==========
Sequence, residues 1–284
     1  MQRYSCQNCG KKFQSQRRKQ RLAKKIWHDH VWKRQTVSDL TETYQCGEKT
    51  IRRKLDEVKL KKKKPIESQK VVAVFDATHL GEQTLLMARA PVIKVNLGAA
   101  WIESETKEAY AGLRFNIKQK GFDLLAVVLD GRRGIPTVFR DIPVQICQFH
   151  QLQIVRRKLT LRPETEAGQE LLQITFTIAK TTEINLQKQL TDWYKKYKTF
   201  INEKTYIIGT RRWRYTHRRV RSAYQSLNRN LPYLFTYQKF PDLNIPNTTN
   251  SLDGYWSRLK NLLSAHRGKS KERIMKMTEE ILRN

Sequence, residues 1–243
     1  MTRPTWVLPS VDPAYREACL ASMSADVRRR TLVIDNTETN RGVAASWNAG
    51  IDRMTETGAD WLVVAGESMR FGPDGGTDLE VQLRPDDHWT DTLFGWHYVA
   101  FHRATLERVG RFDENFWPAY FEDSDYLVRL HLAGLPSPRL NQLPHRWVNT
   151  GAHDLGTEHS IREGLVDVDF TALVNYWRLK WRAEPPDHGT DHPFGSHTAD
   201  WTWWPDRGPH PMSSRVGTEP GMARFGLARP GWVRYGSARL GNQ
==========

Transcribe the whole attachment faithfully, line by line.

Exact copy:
Sequence, residues 1–284
     1  MQRYSCQNCG KKFQSQRRKQ RLAKKIWHDH VWKRQTVSDL TETYQCGEKT
    51  IRRKLDEVKL KKKKPIESQK VVAVFDATHL GEQTLLMARA PVIKVNLGAA
   101  WIESETKEAY AGLRFNIKQK GFDLLAVVLD GRRGIPTVFR DIPVQICQFH
   151  QLQIVRRKLT LRPETEAGQE LLQITFTIAK TTEINLQKQL TDWYKKYKTF
   201  INEKTYIIGT RRWRYTHRRV RSAYQSLNRN LPYLFTYQKF PDLNIPNTTN
   251  SLDGYWSRLK NLLSAHRGKS KERIMKMTEE ILRN

Sequence, residues 1–243
     1  MTRPTWVLPS VDPAYREACL ASMSADVRRR TLVIDNTETN RGVAASWNAG
    51  IDRMTETGAD WLVVAGESMR FGPDGGTDLE VQLRPDDHWT DTLFGWHYVA
   101  FHRATLERVG RFDENFWPAY FEDSDYLVRL HLAGLPSPRL NQLPHRWVNT
   151  GAHDLGTEHS IREGLVDVDF TALVNYWRLK WRAEPPDHGT DHPFGSHTAD
   201  WTWWPDRGPH PMSSRVGTEP GMARFGLARP GWVRYGSARL GNQ